Is GRS Ultra really all that great? They claim it is some anti-aging miracle supplement, but is it really? Or is this just another over-hype to supplement that is going to be a waste of your money? Is GRS Ultra a scam?
I know there are a lot of people out there wondering whether or not this supplement is a scam, which is the reason I am writing this review in the first place. It is no wonder why people are asking this question… There is a lot of hype surrounding this product and the things honestly seem a little bit too good to be true.
But anyways… In this review I took an unbiased approach and will be going over all you need to know (well… Hopefully everything you need to know) about GRS Ultra before you decide whether or not to buy it. There are definitely some concerns I have that I will address, so if you were thinking about purchasing this you are going to want to hear me out.
GRS Ultra Review
Name: GRS Ultra
Type: Cell protection supplement
Price: Varies, $49.95 for one month supply on official website
Recommended?: No, there are options that are literally the same exact thing but for cheaper, which I will go over
They say that it can reduce pain, increase energy, improve memory, and literally improve your health overall. But what the heck is it and how does it do all of this? How is it possible that it "protects every cell in your body from aging"?
Well... GRS Ultra is a supplement that is formulated to increase your body's natural glutathione production, which is a powerful antioxidant that protects cells from degeneration… Which in turn could hope reduce the effects of aging and many different ways, ranging from brain health to muscle fatigue and everything in between. This is why the entire name of this supplement is GRS Ultra Cell Defense.
GRS Ultra is manufactured by a company called Clover7 Nutritional, which I have some concern about that I will address later in this review.
One of the problems that I have found with this supplement is the ridiculous sales pitch. I find that this is one of the main reasons people are asking themselves "is this a scam?". The sales pitch is just a little bit too over-the-top and raises some concerns.
Before I get into the actual ingredients inside the supplement and whether or not they are scientifically proven, I first want to talk about the sales pitch...
Maybe you came across the video presentation for this supplement, maybe you didn't. If you did then you are probably going to want to read this, but if not you might want to skip ahead.
Anyways… In the video presentation the spokesperson is supposedly named "George Bridgeham", but no one has any idea who this guy actually is. One of the first very strange occurrence as I noticed in the video was that the guy seemed to change forms.
In the beginning of the video they showed the guy on the left, and later on George suddenly changed to the guy on the right. Who is he?… Who knows, but one thing I do know is that these two guys are definitely not the same person.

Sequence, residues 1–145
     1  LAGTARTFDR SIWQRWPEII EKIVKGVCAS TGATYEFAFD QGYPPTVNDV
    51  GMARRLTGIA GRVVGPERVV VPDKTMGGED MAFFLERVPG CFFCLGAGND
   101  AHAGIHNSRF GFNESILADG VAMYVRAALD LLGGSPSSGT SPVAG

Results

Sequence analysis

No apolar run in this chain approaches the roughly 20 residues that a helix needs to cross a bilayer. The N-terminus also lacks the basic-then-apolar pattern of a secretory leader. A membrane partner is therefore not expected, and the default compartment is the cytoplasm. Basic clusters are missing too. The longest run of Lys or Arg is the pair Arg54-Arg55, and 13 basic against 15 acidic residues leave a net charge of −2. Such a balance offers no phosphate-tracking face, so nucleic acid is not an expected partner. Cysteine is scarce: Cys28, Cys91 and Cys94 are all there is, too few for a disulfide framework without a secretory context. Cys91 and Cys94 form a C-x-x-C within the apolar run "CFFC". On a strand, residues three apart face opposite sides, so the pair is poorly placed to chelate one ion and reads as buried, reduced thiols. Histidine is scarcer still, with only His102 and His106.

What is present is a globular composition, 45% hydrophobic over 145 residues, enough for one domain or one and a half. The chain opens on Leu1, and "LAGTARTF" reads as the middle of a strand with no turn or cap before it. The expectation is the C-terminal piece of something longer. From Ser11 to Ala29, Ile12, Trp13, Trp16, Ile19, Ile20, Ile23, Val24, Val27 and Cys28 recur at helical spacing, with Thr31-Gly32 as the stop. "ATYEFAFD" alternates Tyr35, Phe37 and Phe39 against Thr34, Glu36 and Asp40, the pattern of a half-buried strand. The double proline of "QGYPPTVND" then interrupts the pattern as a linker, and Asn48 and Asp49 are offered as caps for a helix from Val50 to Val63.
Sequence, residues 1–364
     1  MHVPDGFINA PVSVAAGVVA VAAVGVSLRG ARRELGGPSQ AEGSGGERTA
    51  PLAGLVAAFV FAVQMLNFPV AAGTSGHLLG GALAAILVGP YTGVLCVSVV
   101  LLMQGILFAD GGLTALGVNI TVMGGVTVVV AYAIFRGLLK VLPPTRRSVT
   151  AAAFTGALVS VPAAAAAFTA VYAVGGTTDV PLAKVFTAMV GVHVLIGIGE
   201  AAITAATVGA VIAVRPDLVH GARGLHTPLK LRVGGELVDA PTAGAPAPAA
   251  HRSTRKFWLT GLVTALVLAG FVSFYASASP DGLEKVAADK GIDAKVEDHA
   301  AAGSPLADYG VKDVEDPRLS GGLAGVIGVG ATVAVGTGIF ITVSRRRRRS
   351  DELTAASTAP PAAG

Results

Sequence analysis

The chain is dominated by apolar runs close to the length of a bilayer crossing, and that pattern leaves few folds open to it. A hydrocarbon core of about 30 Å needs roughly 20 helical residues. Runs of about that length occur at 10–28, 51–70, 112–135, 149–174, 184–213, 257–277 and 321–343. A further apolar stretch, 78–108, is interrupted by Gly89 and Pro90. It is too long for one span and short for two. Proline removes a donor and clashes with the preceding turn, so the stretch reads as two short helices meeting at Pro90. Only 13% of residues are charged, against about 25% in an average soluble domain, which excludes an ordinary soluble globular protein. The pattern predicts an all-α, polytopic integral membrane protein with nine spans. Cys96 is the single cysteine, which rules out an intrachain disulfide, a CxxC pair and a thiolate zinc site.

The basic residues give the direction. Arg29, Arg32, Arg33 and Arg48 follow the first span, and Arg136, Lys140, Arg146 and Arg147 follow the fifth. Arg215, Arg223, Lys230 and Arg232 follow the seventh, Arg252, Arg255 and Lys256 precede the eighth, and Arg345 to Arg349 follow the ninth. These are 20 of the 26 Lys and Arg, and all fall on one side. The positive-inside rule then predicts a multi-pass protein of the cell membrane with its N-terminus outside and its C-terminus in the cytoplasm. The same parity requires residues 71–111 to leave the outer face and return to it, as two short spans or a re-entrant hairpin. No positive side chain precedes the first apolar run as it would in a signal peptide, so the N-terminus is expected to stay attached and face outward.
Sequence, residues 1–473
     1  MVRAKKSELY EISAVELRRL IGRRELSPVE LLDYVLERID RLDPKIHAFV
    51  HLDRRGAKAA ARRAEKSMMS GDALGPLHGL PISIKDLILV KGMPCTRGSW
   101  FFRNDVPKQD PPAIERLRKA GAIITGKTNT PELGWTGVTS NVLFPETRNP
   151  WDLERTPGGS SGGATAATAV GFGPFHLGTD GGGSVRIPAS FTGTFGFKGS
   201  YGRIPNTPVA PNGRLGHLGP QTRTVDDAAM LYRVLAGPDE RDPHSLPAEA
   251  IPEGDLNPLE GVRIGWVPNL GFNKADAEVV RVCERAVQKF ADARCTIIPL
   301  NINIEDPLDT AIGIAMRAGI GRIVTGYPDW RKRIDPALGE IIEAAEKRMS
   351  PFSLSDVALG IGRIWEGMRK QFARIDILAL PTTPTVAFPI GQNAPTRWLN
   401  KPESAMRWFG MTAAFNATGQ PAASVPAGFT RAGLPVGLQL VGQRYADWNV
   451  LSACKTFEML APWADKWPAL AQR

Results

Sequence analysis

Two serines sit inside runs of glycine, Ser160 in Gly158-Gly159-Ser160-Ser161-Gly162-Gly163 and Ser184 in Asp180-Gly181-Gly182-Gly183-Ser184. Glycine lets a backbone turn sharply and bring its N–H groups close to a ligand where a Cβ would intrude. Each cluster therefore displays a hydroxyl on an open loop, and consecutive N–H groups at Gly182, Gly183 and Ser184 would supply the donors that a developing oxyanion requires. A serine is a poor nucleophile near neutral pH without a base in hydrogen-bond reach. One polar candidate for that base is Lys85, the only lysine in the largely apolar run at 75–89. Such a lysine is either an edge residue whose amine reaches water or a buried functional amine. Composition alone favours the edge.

But anyways… The sales pitch goes that there is some "land of super human health" that is one of the healthiest countries in the world and this health is all due to their soil, which comes from volcanic eruptions.
What country is he talking about? After a bunch of rambling on and on, you find that he is talking about Iceland, which has some of the healthiest people in the world.
He claims that the natives of this northern landmass were the only ones that were able to get this "super nutrient", but now it has been made available to the rest of the world. This is completely untrue and just part of the ridiculous sales pitch, as you will find out.
The secret is sulfur and selenium, which are common in volcanic ash and make the soil very nutrient rich in Iceland. What these two chemical elements do is help increase the production of glutathione in your body.
It's all about attacking free radicals and getting them out of your system.
Free radicals are all around bad and you don't want them. What they do is attack your body's cells and cause damage, which lead to premature aging and a variety of different health problems, ranging from cancer, to heart disease, to memory loss, and so on.
These free radicals are uncharged molecules that are missing an electron in their valence shell, due to oxidation. This makes them very unstable and causes them to go throughout the body wreaking havoc and destruction.
So by increasing your body's natural glutathione production, which is an antioxidant as I have mentioned, this can lead to less molecules being oxidized and turned into free radicals, which would thus decrease cellular degeneration and increase overall health… At least in theory.
But is there any scientific proof to show that this works and what are the actual ingredients inside GRS Ultra? Because to be honest.. the sales pitch reminds me of scams such as Diabetes Destroyer and Ultimate Herpes Protocol that I've reviewed.
There are a lot of people that call glutathione on a "miracle antioxidant". It is associated with higher levels of health… All types of health.
The reason glutathione is so darn healthy is because, just as you are told in the sales pitch, it reduces levels of oxidative stress. And oxidative stress is associated with higher levels of degenerative diseases such as cancer, heart disease, Alzheimer's, arthritis, etc.
There are plenty of studies out there showing that glutathione is a very powerful antioxidant. All you have to do is type in "glutathione studies" into Google and you will come up with a number of good results.
Just as an example, one study showed it reduced wrinkles and ultraviolet spots in test subjects when compared to a control group. The findings were said to be "significant" as far as scientific data goes.
So GRS Ultra is all about increasing glutathione production and it is said to do this by supplying you with supplemental sulfur and selenium, which you are told in the sales pitch was supposedly at one time exclusively available to people of Iceland, which as I said is completely untrue.
But anyways… If you look on the back of a bottle of GRS Ultra you will see the following ingredients:
The SelenoExcell it is just some namebrand form of selenium and the Blood Warns Complex contains both solver and selenium. But do sulfur and selenium really increase your glutathione production?
The answer is yes, they do.